Three days into our holiday, following overnight stops with some sightseeing at Tours in the Loire Valley (visited the cathedral and city centre) and Riom on the edge of the Massif Central (overlooked by volcanoes) and largely built from the black volcanic stone of the region) we turned off the motorway to explore the Causses (limestone plateau), a rocky arid area and in particular the Gorges of the River Tarn. The Tarn Gorge here is up to 1300ft deep, flanked by rocky bluffs and is scaled by roads with spectacular bends, panoramic views and rocks eroded into unusual shapes. One rock structure we found, not named on the map, was precariously balanced and had a large hole through which we could view the valley ahead. Our destination was Point Sublime (picture), a well known and breathtaking viewpoint, which overlooked the River Tarn (map) as it snaked far below.
(View from Point Sublime using two photos to give an idea of the panorama)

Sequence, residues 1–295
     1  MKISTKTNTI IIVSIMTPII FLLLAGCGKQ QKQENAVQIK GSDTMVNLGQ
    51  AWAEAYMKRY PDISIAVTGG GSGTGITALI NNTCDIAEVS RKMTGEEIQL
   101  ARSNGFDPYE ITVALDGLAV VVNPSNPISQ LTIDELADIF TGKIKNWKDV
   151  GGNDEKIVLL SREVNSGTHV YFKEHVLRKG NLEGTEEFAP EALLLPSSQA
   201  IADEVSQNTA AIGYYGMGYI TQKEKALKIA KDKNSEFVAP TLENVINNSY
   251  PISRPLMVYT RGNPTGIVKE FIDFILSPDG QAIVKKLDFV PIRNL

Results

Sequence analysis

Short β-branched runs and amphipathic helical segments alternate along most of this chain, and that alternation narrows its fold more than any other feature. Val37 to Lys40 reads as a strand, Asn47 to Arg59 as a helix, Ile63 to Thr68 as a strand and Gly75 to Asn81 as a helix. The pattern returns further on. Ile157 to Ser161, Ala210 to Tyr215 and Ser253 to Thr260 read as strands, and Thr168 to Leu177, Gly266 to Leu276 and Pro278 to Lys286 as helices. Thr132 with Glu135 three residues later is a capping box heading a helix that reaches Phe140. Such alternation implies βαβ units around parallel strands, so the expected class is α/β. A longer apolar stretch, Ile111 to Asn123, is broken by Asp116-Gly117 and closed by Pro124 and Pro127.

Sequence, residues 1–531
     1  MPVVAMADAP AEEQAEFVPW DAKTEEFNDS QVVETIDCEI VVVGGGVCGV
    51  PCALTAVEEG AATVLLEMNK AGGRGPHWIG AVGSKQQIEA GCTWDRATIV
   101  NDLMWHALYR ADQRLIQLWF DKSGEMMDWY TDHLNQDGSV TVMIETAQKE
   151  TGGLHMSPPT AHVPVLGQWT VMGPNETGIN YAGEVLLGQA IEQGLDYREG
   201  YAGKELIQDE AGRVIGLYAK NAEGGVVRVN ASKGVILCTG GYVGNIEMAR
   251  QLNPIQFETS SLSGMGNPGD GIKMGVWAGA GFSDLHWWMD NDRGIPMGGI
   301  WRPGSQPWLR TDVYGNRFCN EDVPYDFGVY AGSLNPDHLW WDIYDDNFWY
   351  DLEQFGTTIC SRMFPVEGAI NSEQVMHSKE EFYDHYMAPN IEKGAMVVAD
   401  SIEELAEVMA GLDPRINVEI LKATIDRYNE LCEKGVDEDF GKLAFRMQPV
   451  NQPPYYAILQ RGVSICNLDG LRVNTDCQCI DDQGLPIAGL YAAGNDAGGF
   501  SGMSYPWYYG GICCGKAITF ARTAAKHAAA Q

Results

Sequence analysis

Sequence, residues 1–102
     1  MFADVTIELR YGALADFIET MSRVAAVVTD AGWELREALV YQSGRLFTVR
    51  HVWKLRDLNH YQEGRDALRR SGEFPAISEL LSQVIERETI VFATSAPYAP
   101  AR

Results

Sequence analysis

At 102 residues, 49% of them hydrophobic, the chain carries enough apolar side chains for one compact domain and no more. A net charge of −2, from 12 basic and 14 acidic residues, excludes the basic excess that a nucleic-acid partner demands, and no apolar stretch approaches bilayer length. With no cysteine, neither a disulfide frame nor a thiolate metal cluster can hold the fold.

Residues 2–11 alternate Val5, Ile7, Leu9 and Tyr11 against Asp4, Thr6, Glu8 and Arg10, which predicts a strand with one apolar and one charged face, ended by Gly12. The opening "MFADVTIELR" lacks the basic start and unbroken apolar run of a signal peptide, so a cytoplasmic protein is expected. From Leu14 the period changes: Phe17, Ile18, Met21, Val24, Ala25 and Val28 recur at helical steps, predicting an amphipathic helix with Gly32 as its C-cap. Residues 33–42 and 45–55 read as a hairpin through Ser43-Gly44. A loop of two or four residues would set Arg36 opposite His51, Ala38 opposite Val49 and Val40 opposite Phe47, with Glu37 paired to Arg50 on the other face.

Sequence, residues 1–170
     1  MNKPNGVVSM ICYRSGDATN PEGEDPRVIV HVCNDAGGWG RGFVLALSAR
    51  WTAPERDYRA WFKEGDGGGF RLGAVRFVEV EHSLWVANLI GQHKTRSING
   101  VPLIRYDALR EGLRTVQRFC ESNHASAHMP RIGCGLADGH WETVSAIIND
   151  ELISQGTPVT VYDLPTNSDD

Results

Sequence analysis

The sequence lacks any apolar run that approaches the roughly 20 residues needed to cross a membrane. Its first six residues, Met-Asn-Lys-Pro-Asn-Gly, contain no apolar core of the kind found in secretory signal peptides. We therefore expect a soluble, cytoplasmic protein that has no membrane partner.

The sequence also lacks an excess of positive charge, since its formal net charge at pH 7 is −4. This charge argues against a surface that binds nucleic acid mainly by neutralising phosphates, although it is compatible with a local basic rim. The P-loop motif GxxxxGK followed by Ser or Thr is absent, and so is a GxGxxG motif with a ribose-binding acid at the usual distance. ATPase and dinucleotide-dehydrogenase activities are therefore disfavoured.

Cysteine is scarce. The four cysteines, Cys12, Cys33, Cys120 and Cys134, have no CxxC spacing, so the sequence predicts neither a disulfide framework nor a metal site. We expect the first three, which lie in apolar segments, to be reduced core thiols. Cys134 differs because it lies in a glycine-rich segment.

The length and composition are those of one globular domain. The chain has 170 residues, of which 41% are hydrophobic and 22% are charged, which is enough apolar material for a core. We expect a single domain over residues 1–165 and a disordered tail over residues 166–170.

We finally found our way to the Campanile hotel at Millau and after dinner we drove out to get a twilight view of the spectacular Viaduc de Millau (picture), currently the tallest vehicular bridge in the world, which carries the A75 autoroute for 2460 metres at a height of 270 metres above the River Tarn. It was opened in December 2004 and built by British architect Norman Foster and French engineer Michel Virlogeux. Our viewpoint was from the Aire du Millau, a specially built viewpoint on the northern approach to the bridge. The next morning, after wandering around the town of Millau, where there is a lovely riverside walk leading to the old mill, we drove to the other viewpoint directly under the viaduct and looked up at this amazing structure across which we would be driving on our return from holiday.
(Millau viaduct looking north)
We then headed back to the A75 – another wonderful feat of engineering as the motorway runs through the Pas de l’Escalette cutting and tunnels through the Cevennes scenery – heading towards Camping Castellas on the coastal strip between Sète and Marseillan/Agde.